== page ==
Finally, the franchise contract addresses the issue of regular training programs for the management team and the employees (Wood & Kiecker, 2010). Such arrangements enhance the success of the franchise venture.
According to Sine & Shane (2011), external reporting agents are regular employees from the franchising organization. They are sent to monitor the progress made by the franchise. The reporting agents are supposed to communicate with the mother company on a regular basis.
They are expected to give a true and fair account of the progress made by the franchise. Sen (2008) calls them ‘ground soldiers’ working for the franchisor. A franchise is expected to generate profits for the franchisor and the franchisee (Alon & Banai, 2000).
The expectation is based on the fact that the franchise is dealing with an established brand or product, which is associated with the mother company. As a result of this, all the franchisee has to do is run a public awareness campaign, informing the consumer of the presence of the brand in the market (Kalnins, 2004).
Finally, the regular training programs for the management team and employees are meant to make sure that the franchise stays on the right track. They are meant to ensure that the franchise meets the obligations set out in the franchise agreement (Floriani & Lindsey, 2001).
The regular trainings have posed many challenges to the operations of the franchisor. One such challenge is the high cost of training managers and employees. Many analysts have questioned the effectiveness of the training programs.
They argue that the time and resources spent on training do not necessarily benefit the franchise. In addition, it gives the franchisor the opportunity to exercise direct control over the franchise, as it involves sending facilitators over from the mother company (Lafontine, 2005).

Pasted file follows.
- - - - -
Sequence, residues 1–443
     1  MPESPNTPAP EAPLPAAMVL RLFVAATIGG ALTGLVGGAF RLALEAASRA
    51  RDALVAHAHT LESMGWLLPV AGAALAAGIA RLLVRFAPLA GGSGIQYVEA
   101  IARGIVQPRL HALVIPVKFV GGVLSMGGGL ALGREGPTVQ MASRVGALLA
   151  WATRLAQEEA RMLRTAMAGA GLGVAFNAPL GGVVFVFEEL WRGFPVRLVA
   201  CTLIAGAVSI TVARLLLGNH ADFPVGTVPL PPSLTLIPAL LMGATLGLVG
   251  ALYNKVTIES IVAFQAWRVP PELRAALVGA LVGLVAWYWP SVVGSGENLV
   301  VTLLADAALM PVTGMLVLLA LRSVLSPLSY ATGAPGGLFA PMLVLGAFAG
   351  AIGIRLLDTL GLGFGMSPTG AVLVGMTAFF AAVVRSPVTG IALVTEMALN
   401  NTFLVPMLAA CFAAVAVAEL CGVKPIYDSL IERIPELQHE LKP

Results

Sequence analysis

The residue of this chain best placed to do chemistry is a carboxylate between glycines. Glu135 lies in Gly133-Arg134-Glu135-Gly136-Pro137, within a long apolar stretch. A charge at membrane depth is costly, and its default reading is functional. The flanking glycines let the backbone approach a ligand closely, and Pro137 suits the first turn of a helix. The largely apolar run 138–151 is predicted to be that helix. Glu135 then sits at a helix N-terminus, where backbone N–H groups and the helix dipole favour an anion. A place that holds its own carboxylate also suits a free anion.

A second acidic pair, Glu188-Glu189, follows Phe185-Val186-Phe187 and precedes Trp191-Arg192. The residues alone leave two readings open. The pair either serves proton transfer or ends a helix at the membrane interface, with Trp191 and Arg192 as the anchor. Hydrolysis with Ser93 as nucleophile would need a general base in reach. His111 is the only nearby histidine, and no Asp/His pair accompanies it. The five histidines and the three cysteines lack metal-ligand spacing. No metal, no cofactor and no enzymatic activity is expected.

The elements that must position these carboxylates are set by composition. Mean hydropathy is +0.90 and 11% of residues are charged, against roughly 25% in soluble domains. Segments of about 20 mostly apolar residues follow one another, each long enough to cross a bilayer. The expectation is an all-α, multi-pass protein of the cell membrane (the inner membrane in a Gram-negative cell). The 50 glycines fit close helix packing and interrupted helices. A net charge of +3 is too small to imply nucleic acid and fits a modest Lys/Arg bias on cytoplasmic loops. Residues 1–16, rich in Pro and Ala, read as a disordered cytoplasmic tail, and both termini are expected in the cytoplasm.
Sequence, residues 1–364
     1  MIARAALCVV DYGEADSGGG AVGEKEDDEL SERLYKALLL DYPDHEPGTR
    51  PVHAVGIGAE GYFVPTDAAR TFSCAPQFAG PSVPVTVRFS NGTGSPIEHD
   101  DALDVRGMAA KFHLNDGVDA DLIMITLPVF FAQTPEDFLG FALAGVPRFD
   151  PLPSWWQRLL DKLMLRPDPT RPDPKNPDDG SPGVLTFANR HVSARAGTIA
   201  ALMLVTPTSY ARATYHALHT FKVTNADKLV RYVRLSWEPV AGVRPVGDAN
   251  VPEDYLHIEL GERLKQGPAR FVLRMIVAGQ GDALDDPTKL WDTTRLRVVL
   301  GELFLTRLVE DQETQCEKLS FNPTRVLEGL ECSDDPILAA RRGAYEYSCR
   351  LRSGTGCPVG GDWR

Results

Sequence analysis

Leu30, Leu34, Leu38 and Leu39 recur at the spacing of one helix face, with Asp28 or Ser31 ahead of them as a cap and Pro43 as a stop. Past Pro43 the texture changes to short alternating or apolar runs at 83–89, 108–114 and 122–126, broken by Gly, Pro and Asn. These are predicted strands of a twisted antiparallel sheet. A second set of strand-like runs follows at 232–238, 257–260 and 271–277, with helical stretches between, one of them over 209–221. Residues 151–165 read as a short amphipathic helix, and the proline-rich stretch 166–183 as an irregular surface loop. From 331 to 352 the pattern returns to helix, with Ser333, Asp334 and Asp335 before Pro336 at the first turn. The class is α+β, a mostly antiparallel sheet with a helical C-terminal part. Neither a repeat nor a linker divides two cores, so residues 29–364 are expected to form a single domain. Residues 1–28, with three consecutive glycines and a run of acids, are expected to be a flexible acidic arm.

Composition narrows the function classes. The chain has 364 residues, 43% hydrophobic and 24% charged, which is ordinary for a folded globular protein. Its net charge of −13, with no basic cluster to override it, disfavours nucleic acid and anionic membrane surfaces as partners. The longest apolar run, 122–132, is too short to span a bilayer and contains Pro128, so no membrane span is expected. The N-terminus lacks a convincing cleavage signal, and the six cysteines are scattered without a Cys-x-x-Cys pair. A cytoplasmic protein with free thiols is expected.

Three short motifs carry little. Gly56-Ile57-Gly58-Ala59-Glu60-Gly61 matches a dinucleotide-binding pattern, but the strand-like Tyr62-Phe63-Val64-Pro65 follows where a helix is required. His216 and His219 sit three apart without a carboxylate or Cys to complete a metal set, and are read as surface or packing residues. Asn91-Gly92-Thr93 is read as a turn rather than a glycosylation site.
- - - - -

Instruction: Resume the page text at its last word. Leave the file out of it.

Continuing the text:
The scenario above illustrates one of the forms of leadership techniques adopted by the franchisor. Analysts have criticized this form of leadership. Among others, it forces the franchisee to change the operations of the local company to meet the terms and regulations set by the franchisor (Schreuder et al., 2000).
The Purpose of the Study
The current research seeks to analyze how the leadership style adopted by the franchisor affects the behavior of the franchisee in the process of executing the agreement contained in the franchise contract (Rothernberg, 2008).
As already indicated, one of the effects of franchisor’s leadership style involves the change of behavior on the part of the franchisee.
The main reasons behind the change of behavior touch on the pertinent issues affecting the operations of both the franchisor and the franchisee. At times, the franchisor may end up disagreeing with the franchisee over the management policies adopted to run the franchise (Sine & Shane, 2011).
It is important for the franchisee to understand the different leadership styles adopted by the franchisor under different circumstances (Plave & Miller, 2001; Mellewigt et al., 2010). It is important to understand this given that the different leadership styles have different effects on the franchise under different circumstances.